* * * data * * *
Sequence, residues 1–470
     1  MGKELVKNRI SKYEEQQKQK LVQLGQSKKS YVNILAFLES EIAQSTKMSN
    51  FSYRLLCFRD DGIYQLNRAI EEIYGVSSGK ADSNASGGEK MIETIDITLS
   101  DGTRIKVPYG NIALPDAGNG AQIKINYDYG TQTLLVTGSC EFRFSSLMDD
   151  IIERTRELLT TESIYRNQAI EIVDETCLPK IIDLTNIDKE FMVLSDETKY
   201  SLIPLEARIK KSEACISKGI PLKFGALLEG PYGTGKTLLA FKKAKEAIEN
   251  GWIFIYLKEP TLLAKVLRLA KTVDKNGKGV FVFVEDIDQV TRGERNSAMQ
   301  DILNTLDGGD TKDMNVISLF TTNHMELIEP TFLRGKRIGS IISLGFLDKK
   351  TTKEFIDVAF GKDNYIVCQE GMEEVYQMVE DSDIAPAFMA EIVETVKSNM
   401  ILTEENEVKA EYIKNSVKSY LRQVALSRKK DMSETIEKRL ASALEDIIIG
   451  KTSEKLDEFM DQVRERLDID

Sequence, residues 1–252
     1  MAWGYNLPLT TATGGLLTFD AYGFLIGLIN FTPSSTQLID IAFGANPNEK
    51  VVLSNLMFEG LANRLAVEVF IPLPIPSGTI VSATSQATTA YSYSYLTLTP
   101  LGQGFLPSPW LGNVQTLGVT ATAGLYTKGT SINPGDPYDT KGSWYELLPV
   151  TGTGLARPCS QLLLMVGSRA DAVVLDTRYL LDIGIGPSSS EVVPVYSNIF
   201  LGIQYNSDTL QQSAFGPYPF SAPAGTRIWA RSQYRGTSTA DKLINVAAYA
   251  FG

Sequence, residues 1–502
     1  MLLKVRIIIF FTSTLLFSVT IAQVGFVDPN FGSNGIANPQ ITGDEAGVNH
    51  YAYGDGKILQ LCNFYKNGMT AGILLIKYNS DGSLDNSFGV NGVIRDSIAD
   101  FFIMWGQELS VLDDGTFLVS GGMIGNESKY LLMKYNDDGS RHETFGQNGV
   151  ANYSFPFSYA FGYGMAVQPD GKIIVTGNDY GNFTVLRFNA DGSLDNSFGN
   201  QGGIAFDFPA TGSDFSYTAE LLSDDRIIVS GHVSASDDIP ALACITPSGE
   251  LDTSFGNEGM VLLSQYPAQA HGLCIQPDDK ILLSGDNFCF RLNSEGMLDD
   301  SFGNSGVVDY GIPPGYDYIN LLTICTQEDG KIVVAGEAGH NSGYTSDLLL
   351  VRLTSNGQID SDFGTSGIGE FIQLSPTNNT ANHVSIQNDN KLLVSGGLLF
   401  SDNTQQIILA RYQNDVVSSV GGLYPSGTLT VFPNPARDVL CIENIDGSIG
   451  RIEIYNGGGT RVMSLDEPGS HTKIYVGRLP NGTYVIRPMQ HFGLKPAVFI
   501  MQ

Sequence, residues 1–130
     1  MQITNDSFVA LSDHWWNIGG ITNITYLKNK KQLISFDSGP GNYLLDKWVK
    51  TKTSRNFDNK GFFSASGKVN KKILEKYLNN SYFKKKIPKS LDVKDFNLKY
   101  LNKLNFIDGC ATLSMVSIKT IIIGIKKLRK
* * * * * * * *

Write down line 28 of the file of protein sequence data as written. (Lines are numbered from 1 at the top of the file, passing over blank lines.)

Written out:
   401  SDNTQQIILA RYQNDVVSSV GGLYPSGTLT VFPNPARDVL CIENIDGSIG